I have finally managed to drag myself through Naomi Klein’s “No Is Not Enough”. Now I say ‘dragged’ not because the book was boring, but rather because of how rage inducing some of the insights were, and there were a lot of them. I had to put the book down purely out of disgust at how Trump and his allies manage to get away with so much, whilst many people, particularly the marginalised had to suffer the consequences.
I’d like to sum this book up by quoting a couple of paragraphs from the last chapter:
Trump is…the culmination – the logical end point – of a great many dangerous stories our culture has been telling for a very long time. That greed is good. That the market rules. That money is what matters in life. That white men are better than the rest. That the natural world is here for us to pillage. That the vulnerable deserve their fate and the one percent deserve their golden towers. That anything public or commonly held is sinister and not worth protecting. That we are surrounded by danger and should look after our own. That there is no alternative to any of this.
Given these stories are, for many of us, part of the air we breathe, Trump really shouldn’t come as a shock. A billionaire president who boasts he can grab women by their genitals while calling Mexicans “rapists” and jeering at the disabled is the logical expression of a culture that grants indecent levels of impunity to the ultrarich, that is consumed with winner-take-all competition, and that is grounded in dominance-based logic at every level. We should have been expecting him. And indeed, many of those most directly touched by the underbelly of Western racism and misogyny have been expecting him for a long time.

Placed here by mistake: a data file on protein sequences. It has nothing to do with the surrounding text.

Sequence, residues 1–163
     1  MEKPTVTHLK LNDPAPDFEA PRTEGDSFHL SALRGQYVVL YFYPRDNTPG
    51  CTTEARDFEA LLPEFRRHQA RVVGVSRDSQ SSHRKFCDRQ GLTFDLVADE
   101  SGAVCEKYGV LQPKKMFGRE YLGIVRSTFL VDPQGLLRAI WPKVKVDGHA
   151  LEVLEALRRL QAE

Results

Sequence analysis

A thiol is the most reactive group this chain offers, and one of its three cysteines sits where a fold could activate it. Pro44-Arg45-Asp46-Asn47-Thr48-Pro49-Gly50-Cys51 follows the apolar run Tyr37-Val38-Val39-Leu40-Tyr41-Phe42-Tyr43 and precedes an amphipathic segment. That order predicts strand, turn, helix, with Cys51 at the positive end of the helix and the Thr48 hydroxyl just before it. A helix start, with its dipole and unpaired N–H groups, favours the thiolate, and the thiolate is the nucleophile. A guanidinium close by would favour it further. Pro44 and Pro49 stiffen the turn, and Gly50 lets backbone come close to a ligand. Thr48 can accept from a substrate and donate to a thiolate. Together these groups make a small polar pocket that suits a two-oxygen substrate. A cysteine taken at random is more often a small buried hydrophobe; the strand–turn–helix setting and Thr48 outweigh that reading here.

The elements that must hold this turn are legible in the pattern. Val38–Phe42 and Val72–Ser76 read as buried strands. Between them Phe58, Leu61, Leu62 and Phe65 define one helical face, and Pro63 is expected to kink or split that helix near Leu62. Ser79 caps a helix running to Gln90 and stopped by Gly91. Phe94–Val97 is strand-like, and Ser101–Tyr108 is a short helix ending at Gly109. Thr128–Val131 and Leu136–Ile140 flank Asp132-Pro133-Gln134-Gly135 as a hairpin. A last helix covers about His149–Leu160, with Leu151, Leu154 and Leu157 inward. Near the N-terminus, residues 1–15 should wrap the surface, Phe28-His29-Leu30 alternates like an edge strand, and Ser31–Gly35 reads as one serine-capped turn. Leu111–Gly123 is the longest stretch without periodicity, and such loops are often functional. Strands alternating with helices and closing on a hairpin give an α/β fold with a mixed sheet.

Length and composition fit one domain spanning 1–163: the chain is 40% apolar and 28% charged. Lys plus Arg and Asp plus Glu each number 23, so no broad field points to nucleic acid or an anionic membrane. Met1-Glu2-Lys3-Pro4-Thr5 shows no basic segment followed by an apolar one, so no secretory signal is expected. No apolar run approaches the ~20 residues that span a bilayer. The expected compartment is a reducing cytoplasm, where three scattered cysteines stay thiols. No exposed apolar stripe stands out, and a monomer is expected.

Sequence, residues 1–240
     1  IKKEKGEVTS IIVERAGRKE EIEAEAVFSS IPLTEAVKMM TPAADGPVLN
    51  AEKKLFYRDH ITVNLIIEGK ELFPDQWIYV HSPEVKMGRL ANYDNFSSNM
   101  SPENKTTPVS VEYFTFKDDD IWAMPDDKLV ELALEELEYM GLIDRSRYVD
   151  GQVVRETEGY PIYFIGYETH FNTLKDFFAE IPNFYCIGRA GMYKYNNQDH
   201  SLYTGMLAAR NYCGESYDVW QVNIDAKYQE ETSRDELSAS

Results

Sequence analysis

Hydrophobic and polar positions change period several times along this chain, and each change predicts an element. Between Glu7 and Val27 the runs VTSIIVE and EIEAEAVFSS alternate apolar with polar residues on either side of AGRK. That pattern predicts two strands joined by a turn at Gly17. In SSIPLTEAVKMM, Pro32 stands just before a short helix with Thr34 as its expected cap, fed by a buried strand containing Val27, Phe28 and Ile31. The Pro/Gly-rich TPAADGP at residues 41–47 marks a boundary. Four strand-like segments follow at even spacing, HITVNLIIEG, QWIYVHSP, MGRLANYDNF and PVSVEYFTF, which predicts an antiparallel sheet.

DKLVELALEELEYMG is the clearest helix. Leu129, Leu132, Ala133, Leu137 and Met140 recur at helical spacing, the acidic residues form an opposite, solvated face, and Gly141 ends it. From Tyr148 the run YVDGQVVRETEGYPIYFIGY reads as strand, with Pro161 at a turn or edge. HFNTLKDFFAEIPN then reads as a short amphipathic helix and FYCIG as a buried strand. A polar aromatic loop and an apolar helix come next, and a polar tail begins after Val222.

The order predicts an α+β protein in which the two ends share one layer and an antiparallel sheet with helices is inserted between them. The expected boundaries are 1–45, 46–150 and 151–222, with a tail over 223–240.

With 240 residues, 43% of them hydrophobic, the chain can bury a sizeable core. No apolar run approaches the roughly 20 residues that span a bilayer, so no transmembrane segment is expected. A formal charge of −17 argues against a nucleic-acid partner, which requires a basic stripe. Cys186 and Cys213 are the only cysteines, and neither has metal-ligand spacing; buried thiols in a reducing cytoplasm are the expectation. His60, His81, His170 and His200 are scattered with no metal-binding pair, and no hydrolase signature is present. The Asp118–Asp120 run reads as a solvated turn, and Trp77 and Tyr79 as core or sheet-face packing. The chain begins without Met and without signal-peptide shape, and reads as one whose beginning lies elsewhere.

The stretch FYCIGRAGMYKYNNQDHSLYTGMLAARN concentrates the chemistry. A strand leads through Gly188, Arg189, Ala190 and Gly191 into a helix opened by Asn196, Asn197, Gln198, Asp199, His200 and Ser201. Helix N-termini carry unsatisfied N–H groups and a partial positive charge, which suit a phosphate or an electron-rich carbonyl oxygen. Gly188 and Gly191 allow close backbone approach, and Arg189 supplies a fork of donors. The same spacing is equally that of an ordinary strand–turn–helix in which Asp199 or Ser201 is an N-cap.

The gist is this: Trump, is the end result of a belief system that keeps telling us that public institutions are moot, and that our only hope lies in the benevolence of those who have amassed crazy amounts of wealth – because the accumulation of a disproportionate amounts of wealth is equated to possessing wisdom that mere mortals do not. Instead of working to strengthen public institutions, we leave our future to the Davos class, a group of people who meet up on a mountaintop, like the Gods Olympus, those who have practically zero accountability to general public.
But, according to Klein, this doesn’t always have to be the way. Things can change, and as we have seen, people are starting to fight back, starting to come together under a movement of movements (because many social movements, though distinct, have many intersections) and are pushing back against the system. The solutions that Klein lines out in her book may seem radical, and perhaps, even to many, seem…dare I say it…socialist. But that’s the thing, anything revolving more equitable sharing of wealth inevitably gets slapped with that label, to immediately invite the reaction of disgust at the idea. It’s also telling that any idea revolving better treatment of people and the environment is deemed as ‘radical’.
The proposed alternative, revolves around improved relations between people and the environment, a system of caring instead of one that treats everything as disposable inputs to endless taking and it’s not as otherworldly as it sounds.
I thoroughly enjoyed this book, particularly the message of hope at the end, and I hope you give it a read too.